Tuesday, June 28, 2005

Three Weeks: Such Small Portions Edition 

Old joke. Two women are talking about a recent unsatisfying meal at a local restaurant.

Woman #1: Oh, that food was awful.
Woman #2: And such small portions, too!

Sometimes I feel that way reading the Republic. (Sometimes you probably feel that way reading this blog, too, but let's not go there.) I don't like criticizing the paper's articles for a number of reasons, not least of which is the difficulty of putting out interesting material on deadline, day-in, day-out, but this morning's article on the bullpen begs to be commented on. The biggest howler -- "Strike [Ligtenberg, Herges, Choate, and E. Gonzalez] from the record and the bullpen suddenly doesn't look so horrendous" -- is thankfully completely undercut just a couple sentences later:

"Certainly any team with a struggling bullpen - and there are a lot of them - could play these numbers games and their stats would look better as well."

Well, then why write the article in the first place?

The frustrating part is that there probably are two good articles to be written about the bullpen: 1) are they really as bad as the (traditional) stats say they are?, and 2) if so, how did they get so bad? As for #1, yes, they're bad -- the combined VORP of the current bullpen (excluding Vargas) is 6.9. Take away Lance Cormier, and they're -5.3. As for #2, they got that way through injury, underperformance (or regression, take your pick), and the plain fact that the 11th-best pitcher on a major league squad generally isn't very good, comparatively.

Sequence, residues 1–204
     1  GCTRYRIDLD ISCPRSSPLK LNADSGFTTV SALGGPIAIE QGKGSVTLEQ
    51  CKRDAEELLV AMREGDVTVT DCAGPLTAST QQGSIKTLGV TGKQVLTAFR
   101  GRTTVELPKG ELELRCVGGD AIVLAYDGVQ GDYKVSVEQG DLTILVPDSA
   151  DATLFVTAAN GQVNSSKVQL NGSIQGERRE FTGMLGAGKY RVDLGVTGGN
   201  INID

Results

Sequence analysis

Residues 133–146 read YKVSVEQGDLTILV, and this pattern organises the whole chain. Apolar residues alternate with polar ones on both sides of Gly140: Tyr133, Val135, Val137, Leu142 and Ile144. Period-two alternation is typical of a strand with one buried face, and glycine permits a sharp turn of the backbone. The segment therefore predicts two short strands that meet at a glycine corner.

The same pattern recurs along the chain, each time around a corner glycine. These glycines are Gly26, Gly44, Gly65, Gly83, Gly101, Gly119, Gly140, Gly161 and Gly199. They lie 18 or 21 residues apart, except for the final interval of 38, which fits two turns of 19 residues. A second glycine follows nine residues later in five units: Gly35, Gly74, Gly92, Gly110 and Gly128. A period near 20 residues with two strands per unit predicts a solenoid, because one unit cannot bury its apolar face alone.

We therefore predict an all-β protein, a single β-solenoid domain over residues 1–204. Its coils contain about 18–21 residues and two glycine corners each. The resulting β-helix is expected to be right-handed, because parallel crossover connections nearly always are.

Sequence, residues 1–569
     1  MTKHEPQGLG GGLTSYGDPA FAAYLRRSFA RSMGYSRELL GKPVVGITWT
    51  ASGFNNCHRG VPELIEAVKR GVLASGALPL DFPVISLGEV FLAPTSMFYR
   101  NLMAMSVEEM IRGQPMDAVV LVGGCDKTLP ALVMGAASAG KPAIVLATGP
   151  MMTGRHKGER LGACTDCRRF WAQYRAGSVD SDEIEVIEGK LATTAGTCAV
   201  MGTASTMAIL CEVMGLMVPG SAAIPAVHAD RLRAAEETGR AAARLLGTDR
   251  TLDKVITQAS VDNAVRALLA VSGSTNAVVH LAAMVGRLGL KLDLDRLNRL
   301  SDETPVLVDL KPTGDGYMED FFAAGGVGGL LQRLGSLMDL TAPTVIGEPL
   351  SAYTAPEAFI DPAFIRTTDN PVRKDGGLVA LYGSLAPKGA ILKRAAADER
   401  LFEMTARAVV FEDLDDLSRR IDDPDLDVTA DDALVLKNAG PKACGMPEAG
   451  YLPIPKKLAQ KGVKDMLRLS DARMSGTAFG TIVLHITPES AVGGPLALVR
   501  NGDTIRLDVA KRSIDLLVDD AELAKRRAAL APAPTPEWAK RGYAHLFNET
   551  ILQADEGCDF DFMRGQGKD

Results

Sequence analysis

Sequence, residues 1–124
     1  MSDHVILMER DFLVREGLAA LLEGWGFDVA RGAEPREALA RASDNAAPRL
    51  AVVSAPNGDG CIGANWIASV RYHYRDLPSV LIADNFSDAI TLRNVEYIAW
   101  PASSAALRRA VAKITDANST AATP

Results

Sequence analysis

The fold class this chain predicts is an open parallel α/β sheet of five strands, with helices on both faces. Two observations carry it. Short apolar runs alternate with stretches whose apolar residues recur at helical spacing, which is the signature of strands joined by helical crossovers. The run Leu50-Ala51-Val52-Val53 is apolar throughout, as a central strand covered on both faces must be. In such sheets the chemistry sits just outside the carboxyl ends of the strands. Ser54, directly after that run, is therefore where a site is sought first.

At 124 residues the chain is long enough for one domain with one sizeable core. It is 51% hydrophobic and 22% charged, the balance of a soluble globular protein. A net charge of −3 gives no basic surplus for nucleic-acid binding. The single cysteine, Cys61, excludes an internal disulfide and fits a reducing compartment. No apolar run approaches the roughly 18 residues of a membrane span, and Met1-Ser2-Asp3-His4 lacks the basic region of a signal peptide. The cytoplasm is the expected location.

And can we please stop using ERA to measure relief staffs? By definition, it doesn't charge the reliever with the inherited runs they let in. An ERA of 6 for a bullpen is pretty bad.

Moving on, then, to something I haven't done for a while...

The Week That Was
Record: 4-3 (2nd in NL West, 3 games behind San Diego as of Tuesday morning)
Average Runs Scored / Average Runs Against (high/low dropped): 3.8 - 4.4
Transactions: Matt Herges clears waivers, assigned to Tucson (6/23); Luis Gonzalez placed on bereavement leave, Matt Kata recalled from Tucson (6/25)

The Diamondbacks got themselves out of what could've been a death spiral after a 5-game losing streak and win 4 of the next 6 games. Clearly at this pace they've got themselves a date with .500 and the lower portion of the wild card standings through the beginning of September. The team doesn't feel quite right, but it's not a train wreck. I would've liked to have seen them finish the blowout against the Tigers or win the series against the Giants, but look at those standings -- it's hard to complain too loudly without feeling churlish.

The Weeks That Will Be
3 at home (against San Francisco)
3 on the road (at Los Angeles)
7 at home (4 against St. Louis, 3 against Cincinnati)

I don't have much to add to the discussion of SF and LA that hasn't already been said -- San Francisco is in its last gasp to stay relevant until Bonds' possible return. The Schmidt-Halsey matchup tonight doesn't bode well for the home nine, but the D-Backs should probably be favored in the other two games. As for LA, they're sort of where the Diamondbacks are except the expectations are that much higher. Let's hope the fans boo Shawn Green again, because he hit the crap out of the ball the last time they inexplicably did that to him at Dodger Stadium.


In Rotation, June 28, '05
Spoon - Gimme Fiction (this is a great CD, by the way -- rock with a minimalist vibe)

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